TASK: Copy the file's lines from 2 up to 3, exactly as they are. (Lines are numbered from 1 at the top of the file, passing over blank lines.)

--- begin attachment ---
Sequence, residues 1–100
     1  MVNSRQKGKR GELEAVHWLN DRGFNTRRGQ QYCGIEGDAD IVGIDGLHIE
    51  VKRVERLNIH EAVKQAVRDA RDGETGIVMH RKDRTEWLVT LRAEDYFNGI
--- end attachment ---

     1  MVNSRQKGKR GELEAVHWLN DRGFNTRRGQ QYCGIEGDAD IVGIDGLHIE
    51  VKRVERLNIH EAVKQAVRDA RDGETGIVMH RKDRTEWLVT LRAEDYFNGI